US6385651B2 (en) * 1998-05-05 2002-05-07 Liberate Technologies Internet service provider preliminary user registration mechanism provided by centralized authority
US6400811B1 (en) 1997-07-30 2002-06-04 Internet2Anywhere Ltd. System and method for off-line notifying a network user
US6518874B2 (en) 1998-06-17 2003-02-11 Micron Technology, Inc. Portable computer supporting paging functions
US6522242B1 (en) 1998-06-17 2003-02-18 Micron Technology, Inc. Method for information reception in a portable computer
US20030093199A1 (en) * 2001-11-15 2003-05-15 Michael Mavreas Remote monitoring and control of a motorized vehicle
US6668059B1 (en) 2000-04-16 2003-12-23 Internet2Anywhere, Ltd. Telephone tuning and signaling system
US6745026B2 (en) * 1998-12-14 2004-06-01 Intel Corporation Personal computer-based paging system
US6760600B2 (en) * 1999-01-27 2004-07-06 Gateway, Inc. Portable communication apparatus
US6772261B1 (en) 2000-04-27 2004-08-03 International Business Machines Corporation Interface that allows testing and using memory modules in computer systems not designed for the modules
US6773291B1 (en) 1993-11-12 2004-08-10 Intel Corporation Compliant communications connectors
US6816913B1 (en) 1998-11-04 2004-11-09 Gateway, Inc. Convenient system, method, and software for online computer users to summon offline computer users
US20050033848A1 (en) * 2002-04-08 2005-02-10 Martin Croome Wireless enabled memory module
US20050037801A1 (en) * 2003-07-14 2005-02-17 Moore Terrill M. Integrated mobile messaging system and method
US6863554B1 (en) 1993-11-12 2005-03-08 Intel Corporation PCMCIA compliant communications connectors
US20050083872A1 (en) * 1995-10-05 2005-04-21 Kubler Joseph J. Hierarchical data collection network supporting packetized voice communications among wireless terminals and telephones
US20050144383A1 (en) * 2003-12-25 2005-06-30 Seiichi Higaki Memory control device and method for controlling the same
US20050223129A1 (en) * 2004-04-02 2005-10-06 Arm Limited Arbitration of data transfer requests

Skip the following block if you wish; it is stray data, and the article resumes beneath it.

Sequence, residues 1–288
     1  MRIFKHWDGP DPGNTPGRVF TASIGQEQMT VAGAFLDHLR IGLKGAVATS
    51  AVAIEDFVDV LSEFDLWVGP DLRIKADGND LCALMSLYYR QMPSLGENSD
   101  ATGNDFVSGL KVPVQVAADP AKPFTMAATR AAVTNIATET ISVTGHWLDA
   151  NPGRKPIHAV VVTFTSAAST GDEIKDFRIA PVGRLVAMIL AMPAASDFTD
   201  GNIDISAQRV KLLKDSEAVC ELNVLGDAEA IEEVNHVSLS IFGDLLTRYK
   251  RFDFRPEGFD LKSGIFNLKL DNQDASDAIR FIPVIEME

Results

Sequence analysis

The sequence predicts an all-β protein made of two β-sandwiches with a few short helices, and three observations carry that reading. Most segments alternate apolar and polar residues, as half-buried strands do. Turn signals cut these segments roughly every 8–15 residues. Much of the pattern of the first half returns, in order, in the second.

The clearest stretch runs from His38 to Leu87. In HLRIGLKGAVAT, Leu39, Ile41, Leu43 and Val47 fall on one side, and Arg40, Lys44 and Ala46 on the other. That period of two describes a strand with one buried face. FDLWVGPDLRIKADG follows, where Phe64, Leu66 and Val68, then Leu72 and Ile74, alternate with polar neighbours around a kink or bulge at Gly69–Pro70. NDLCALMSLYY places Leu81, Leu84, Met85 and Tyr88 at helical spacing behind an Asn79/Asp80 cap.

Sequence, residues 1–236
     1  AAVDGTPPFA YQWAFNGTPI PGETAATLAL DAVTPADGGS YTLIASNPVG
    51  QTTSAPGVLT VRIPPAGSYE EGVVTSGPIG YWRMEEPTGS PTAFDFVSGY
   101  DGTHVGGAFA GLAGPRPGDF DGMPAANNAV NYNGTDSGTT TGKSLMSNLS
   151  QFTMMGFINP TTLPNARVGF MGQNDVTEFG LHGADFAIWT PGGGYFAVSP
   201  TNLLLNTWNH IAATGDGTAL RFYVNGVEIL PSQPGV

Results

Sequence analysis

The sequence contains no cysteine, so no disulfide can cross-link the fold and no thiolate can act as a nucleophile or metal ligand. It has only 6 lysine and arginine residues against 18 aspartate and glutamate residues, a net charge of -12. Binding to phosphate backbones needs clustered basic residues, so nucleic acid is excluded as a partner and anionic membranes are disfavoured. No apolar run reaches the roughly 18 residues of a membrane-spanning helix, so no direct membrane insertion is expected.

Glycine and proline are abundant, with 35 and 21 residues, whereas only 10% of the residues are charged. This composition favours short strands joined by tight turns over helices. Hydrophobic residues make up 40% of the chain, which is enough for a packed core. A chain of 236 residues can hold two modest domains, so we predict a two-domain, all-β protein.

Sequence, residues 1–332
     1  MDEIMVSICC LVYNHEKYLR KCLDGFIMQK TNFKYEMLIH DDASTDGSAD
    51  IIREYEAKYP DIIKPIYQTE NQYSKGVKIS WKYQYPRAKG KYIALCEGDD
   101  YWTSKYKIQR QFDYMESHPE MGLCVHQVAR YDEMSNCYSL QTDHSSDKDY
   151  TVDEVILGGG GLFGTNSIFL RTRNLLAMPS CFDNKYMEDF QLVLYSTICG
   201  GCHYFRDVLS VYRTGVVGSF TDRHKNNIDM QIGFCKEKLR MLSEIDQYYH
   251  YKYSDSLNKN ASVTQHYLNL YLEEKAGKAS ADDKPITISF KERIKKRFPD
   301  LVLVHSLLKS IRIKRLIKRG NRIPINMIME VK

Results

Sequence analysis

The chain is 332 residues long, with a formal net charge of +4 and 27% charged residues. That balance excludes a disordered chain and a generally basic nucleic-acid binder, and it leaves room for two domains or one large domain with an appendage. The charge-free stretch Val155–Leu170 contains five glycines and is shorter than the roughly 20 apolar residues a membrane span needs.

US20060036826A1 (en) * 2004-07-30 2006-02-16 International Business Machines Corporation System, method and storage medium for providing a bus speed multiplier
US20060095701A1 (en) * 2004-10-29 2006-05-04 International Business Machines Corporation System, method and storage medium for a memory subsystem with positional read data latency
US20060095646A1 (en) * 2004-10-29 2006-05-04 International Business Machines Corporation System, method and storage medium for a memory subsystem command interface
US20060095620A1 (en) * 2004-10-29 2006-05-04 International Business Machines Corporation System, method and storage medium for merging bus data in a memory subsystem
US20060095703A1 (en) * 2004-10-29 2006-05-04 International Business Machines Corporation System, method and storage medium for bus calibration in a memory subsystem
US20060107186A1 (en) * 2004-10-29 2006-05-18 International Business Machines Corporation System, method and storage medium for providing a high speed test interface to a memory subsystem
US20060107175A1 (en) * 2004-10-29 2006-05-18 International Business Machines Corporation System, method and storage medium for providing fault detection and correction in a memory subsystem
US20060117233A1 (en) * 2004-10-29 2006-06-01 International Business Machines Corporation System, Method and storage medium for testing a memory module
US20060136618A1 (en) * 2004-07-30 2006-06-22 International Business Machines Corporation System, method and storage medium for a multi-mode memory buffer device
US7074061B1 (en) 1993-11-12 2006-07-11 Intel Corporation Versatile communications connectors
US20060164909A1 (en) * 2005-01-24 2006-07-27 International Business Machines Corporation System, method and storage medium for providing programmable delay chains for a memory system
US20070101086A1 (en) * 2005-10-31 2007-05-03 International Business Machines Corporation System, method and storage medium for deriving clocks in a memory system
US7224595B2 (en) 2004-07-30 2007-05-29 International Business Machines Corporation 276-Pin buffered memory module with enhanced fault tolerance
US20070160053A1 (en) * 2005-11-28 2007-07-12 Coteus Paul W Method and system for providing indeterminate read data latency in a memory system
US7277988B2 (en) 2004-10-29 2007-10-02 International Business Machines Corporation System, method and storage medium for providing data caching and data compression in a memory subsystem
US20070255902A1 (en) * 2004-07-30 2007-11-01 International Business Machines Corporation System, method and storage medium for providing a serialized memory interface with a bus repeater
US20070255827A1 (en) * 2006-04-26 2007-11-01 Microsoft Corporation Termination of a security association between devices
US20070276977A1 (en) * 2006-05-24 2007-11-29 International Business Machines Corporation Systems and methods for providing memory modules with multiple hub devices
US20070276976A1 (en) * 2006-05-24 2007-11-29 International Business Machines Corporation Systems and methods for providing distributed technology independent memory controllers
US20080034148A1 (en) * 2006-08-01 2008-02-07 International Business Machines Corporation Systems and methods for providing performance monitoring in a memory system
US20080040563A1 (en) * 2006-08-10 2008-02-14 International Business Machines Corporation Systems and methods for memory module power management